This little city sits just 20 minutes east of downtown Cleveland. The area is well known and highly sought after by Cleveland-dwellers looking for a space to settle down. The area’s vibrant community offers safe residential areas, excellent schools, and a great shopping and restaurant scene.

Detroit-Shoreway

Detroit-Shoreway has become a hot-spot since the development of an arts district in the heart of this neighborhood, Gordon Square. The neighborhood is now packed with millennials and young professionals. And the new Battery Park development added luxury and modern condos to the area’s housing options.

The Culture of Cleveland

Cleveland has a blend of many cultures, ethnic neighborhoods, churches, food stores, festivals, and restaurants. Even Cleveland’s signature sandwich, a coleslaw-and-french-fry-piled sausage dog, reflects the cuisine of Polish-Americans who made up Cleveland’s largest nationality group in the 20th century.

A few of the prevailing areas in Cleveland that display the colorful cultural blend of this city include:

  • Slavic Village
  • Little Italy
  • Amish Country
  • AsiaTown
  • La Villa Hispana

The region offers a unique art scene that reflects the city’s diversity as well as its history. In spring, residents gather for the Cleveland International Film Festival. Summer brings the colorful Parade the Circle event thrown by the Cleveland Museum of Art. And the IngenuityFest in the fall features exhibits, installations, and dance acts alongside adult beverages and live music.

Known as the rock-and-roll capital of the world (the term ‘rock and roll’ was actually coined by the Cleveland-based DJ Alan Freed in 1952), Cleveland is the fitting home to the Rock and Roll Hall of Fame. The city doesn’t skimp out on music venues either. There are nine theaters on Playhouse Square alone and indie-music venues throughout the region, like Beachland Ballroom.

Cleveland has also become a destination for food and outdoor recreation. Locals fill up on craft brews and farm-to-table bar food at Noble Beast Beer; pastries, coffee, and brunch at Lucky’s Cafe; small plates at Salt+, and the list of good local food goes on. If you're a mountain or BMX biker, Ray's indoor MTB park will soon become a treasured destination.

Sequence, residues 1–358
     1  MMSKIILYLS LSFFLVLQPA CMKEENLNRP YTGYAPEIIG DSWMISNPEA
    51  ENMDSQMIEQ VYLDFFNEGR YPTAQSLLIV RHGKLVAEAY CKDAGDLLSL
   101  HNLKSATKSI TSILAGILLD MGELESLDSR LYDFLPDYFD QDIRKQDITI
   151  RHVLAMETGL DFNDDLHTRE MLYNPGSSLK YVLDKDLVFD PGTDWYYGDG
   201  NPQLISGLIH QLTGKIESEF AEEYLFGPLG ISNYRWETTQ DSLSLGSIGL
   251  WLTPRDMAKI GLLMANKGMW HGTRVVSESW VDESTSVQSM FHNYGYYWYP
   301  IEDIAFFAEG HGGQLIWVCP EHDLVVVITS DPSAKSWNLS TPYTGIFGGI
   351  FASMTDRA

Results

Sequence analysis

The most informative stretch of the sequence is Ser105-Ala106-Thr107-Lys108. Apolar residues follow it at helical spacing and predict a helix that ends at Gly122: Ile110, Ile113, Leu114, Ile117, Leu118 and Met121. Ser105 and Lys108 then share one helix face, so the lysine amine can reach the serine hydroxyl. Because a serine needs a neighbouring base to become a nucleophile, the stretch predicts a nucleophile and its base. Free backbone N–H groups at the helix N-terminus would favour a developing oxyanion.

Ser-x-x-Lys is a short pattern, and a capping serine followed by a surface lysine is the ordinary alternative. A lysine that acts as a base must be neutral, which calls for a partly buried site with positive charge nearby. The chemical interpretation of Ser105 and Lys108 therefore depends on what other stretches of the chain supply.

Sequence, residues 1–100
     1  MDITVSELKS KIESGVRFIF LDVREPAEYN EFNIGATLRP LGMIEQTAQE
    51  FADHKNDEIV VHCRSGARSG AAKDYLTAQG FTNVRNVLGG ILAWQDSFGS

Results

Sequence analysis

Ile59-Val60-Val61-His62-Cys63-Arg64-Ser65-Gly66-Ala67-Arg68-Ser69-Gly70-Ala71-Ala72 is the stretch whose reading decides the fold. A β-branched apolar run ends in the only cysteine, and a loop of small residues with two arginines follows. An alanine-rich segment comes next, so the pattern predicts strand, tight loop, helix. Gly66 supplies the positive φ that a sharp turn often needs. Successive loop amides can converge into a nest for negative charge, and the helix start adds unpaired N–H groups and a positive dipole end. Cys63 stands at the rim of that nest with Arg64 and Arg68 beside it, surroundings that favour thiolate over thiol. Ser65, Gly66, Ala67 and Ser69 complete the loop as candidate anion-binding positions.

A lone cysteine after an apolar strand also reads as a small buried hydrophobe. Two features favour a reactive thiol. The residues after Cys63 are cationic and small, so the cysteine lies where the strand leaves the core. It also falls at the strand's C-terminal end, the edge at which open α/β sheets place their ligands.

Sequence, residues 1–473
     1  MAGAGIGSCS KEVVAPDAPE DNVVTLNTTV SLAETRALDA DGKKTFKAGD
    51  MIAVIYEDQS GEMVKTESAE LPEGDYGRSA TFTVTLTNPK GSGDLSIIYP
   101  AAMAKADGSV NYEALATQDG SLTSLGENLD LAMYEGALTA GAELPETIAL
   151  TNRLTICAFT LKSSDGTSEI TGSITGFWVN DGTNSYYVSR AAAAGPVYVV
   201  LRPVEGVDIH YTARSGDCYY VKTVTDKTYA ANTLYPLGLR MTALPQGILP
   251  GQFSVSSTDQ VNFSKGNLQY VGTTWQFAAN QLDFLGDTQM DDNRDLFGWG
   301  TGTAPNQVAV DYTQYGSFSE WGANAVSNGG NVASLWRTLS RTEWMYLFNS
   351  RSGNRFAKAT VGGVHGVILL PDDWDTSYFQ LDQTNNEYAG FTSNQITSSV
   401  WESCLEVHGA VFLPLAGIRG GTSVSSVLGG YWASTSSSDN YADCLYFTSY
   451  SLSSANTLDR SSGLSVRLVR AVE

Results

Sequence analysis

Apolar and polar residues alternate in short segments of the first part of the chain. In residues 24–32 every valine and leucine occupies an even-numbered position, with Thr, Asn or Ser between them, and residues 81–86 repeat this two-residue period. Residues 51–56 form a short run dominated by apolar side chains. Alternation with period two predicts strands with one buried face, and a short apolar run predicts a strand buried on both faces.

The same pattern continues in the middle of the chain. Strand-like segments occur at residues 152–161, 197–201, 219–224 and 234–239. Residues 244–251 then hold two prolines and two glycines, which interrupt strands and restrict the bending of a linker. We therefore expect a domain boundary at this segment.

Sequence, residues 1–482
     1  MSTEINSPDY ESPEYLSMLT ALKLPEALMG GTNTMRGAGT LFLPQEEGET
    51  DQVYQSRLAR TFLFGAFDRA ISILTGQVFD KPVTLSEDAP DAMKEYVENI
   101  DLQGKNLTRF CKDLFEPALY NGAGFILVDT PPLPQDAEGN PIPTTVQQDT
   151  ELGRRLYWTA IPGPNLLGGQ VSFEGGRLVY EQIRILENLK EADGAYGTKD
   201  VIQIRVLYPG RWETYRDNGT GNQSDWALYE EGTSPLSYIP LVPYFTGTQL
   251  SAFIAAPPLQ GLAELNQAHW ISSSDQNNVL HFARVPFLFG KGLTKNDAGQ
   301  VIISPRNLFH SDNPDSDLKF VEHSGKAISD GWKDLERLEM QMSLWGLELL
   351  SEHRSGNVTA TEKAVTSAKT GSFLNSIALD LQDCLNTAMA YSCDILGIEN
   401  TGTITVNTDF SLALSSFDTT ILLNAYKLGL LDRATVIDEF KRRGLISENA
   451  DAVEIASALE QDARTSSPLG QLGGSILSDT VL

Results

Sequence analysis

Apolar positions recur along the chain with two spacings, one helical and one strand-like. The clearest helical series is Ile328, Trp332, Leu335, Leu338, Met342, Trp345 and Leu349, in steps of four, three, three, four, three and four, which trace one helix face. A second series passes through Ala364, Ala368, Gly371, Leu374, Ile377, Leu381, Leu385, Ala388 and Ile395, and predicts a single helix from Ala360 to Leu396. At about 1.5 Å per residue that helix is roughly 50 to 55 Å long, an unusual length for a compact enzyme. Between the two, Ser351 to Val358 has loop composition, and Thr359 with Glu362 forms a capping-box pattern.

The city also offers the freshwater Lake Erie, National Parks, underwater archaeological sites and over nearby 30 islands with hiking, caving, jet skiing, parasailing, restaurants, shops, and bars all of their own.

Pros and Cons of Living in Cleveland

So far, you’ve seen a lot of Cleveland’s pros. But like any area, living here has its share of drawbacks as well. Here we list a few advantages and disadvantages of living in Cleveland to help you decide whether a move to Cleveland is the right choice for you.

Pro: Plenty of things to do

As you’ve seen, the city offers great eateries and drinkeries, world-class art, sporting events, concerts, museums, outdoor recreation destinations, and cultural and community festivals.

Pro: Low cost of living

With two extremely competitive hospital systems, food grown close to the city, an adjacent clean water supply, an accessible public transportation system, and super inexpensive housing, Cleveland is quite affordable.

Con: Racial segregation

If you’re familiar with Cleveland, you may know that the city can feel racially split between the west and east sides of town. And while Cleveland is behind the curve at addressing this issue, there are, thankfully, efforts being made now.

For example, the extensive Transforming Cleveland plan acknowledges Cleveland’s need for growth and lays out the steps that will improve race relations and curb bias in the city.

Pro/Con: The weather

You get to experience all four seasons in Cleveland, but that includes a very heavy winter and snow storms.

More Resources for Moving to Cleveland

Interested in learning more about the city? Feel free to tailor your research and dive more deeply into Cleveland topics that appeal to and relate to you.

City of Cleveland Official Site - This site provides helpful information about local government, services and businesses, resources for residents and visitors, and current city news.

Cleveland Metroparks - This source maps out the 23,000 acres of parks and 18 reservations in the city.

This is Cleveland - This site handles the more fun topics on Cleveland, like the best things to do, best places to eat and drink, and where to stay in the city.

Cleveland Jobs - This source offers listings of various jobs sorted by category of titles and industries.

Like What You See?

With the resources and info above, we hope you’re off to a great start in finding your next home. If you’re feeling overwhelmed by your potential move, that’s OK. Moving can feel like a long process. What we’ve provided will help alleviate some of your anxiety and enable you to decide if Cleveland is the right place for you.

If you decide to take the plunge, get in touch. We know some people who might be able to help.